Keith Smalls feels partly responsible for the struggles young black men face in the community today. He suspects his generation laid the framework.
Smalls sold drugs in his neighborhood in the 1990s. His little league baseball coach became one of his customers. The man ended up a crack addict.
"I took him out of the community," Smalls said. "That's direct. I'm accountable for that."
Drug trafficking caught up with Smalls in his 20s. A three-year prison stint didn't faze him. He got in trouble again. That time, he pulled a 15-year stretch. He missed watching his kids grow up.
When his son, Amarai Roper-Smalls, visited him in prison for the first time, the toddler kept pinching and poking Smalls' face. The boy wanted to make sure his dad was real. Smalls resolved to be a better father when he got out.
Smalls left prison in October 2015. He moved in with his mother and Amarai in the Dorchester Terrace neighborhood. Amarai, then a teen, clung close to his dad, parroting his every move. The family would catch Amarai wearing Smalls’ clothes, which hung too large on his slim frame.
“He would just be watching. He tried to pay attention to how I walked and how I talked.”
The father and son had one year together.
One night last October, Amarai went across Dorchester Road to hang out in the Waylyn where his girlfriend lived. Something sparked a fight between Amarai and another teen. A gun came out. Shots sounded, and three bullets found their mark.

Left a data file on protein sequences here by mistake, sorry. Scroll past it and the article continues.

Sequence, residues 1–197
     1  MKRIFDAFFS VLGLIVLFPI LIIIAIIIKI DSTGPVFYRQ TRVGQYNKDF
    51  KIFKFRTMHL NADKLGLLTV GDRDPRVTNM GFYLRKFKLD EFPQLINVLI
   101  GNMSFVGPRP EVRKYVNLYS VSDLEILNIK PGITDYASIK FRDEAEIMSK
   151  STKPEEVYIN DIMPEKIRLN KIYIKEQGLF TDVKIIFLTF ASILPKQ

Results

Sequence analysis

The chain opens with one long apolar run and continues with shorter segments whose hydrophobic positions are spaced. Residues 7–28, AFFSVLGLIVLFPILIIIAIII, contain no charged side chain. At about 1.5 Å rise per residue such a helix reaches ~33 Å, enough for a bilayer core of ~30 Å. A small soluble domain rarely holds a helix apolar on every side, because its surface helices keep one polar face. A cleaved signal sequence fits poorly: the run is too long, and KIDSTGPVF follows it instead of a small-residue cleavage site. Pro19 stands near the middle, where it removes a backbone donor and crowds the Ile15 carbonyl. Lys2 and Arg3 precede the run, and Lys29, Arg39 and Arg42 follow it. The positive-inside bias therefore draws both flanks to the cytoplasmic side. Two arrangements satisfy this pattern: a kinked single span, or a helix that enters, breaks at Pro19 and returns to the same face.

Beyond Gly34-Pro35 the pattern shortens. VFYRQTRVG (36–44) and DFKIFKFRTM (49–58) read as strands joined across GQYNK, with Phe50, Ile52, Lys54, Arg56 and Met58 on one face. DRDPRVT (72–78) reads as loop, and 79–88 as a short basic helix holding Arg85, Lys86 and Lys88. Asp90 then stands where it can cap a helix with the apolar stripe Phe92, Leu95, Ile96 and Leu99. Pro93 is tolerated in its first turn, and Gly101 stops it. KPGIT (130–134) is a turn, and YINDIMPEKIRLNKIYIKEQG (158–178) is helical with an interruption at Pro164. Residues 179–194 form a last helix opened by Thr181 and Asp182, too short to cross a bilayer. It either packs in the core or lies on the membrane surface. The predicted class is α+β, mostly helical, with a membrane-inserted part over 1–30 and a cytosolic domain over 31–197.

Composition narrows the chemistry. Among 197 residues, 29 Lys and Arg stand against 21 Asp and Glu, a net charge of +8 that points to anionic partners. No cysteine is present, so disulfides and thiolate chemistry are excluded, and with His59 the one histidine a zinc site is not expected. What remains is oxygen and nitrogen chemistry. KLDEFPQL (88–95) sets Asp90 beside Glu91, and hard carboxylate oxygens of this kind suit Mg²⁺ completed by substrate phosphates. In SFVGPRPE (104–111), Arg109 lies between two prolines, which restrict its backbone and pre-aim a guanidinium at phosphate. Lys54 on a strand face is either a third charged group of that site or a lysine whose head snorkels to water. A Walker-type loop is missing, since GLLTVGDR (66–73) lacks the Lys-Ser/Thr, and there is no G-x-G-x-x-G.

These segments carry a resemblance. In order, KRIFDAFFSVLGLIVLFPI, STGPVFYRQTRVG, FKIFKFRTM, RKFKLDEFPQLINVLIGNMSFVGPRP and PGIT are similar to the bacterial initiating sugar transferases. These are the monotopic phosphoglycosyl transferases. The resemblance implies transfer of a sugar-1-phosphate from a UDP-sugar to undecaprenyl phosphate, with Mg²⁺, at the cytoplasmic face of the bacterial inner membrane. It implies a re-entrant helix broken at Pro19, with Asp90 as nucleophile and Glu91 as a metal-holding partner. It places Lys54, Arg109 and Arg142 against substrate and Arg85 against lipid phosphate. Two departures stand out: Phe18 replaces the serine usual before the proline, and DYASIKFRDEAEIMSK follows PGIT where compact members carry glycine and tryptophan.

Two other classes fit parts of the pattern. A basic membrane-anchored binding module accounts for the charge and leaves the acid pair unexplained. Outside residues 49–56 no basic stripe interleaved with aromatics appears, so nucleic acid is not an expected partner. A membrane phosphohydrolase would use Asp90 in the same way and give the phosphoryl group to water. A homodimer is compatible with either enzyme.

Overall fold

Amarai fell to the ground and died between two homes.
He was 17.
Tears slide down Smalls' cheeks when he talks about his son's death. He pauses, holding his face in his hands.
"It never gets normal."
Trim and bald at 44, Smalls works construction and studies business at Trident Technical College. His motto: "Do better. Be better." He's trying to achieve that for his three teenage daughters. The four of them cruise around town on weekends and go out to eat, their outings often simple but meaningful.
Smalls wishes his son could be a part of the family they're building.
Amarai deserved to know all about his father, Smalls said, the good and the bad. He had so much more to share with him.
One morning in July, children as young as 5 arrived at summer camp and found their path blocked by a string of yellow tape and police cruisers.
Reach Angie Jackson at 843-937-5705. Follow her on Twitter at @angiejackson23.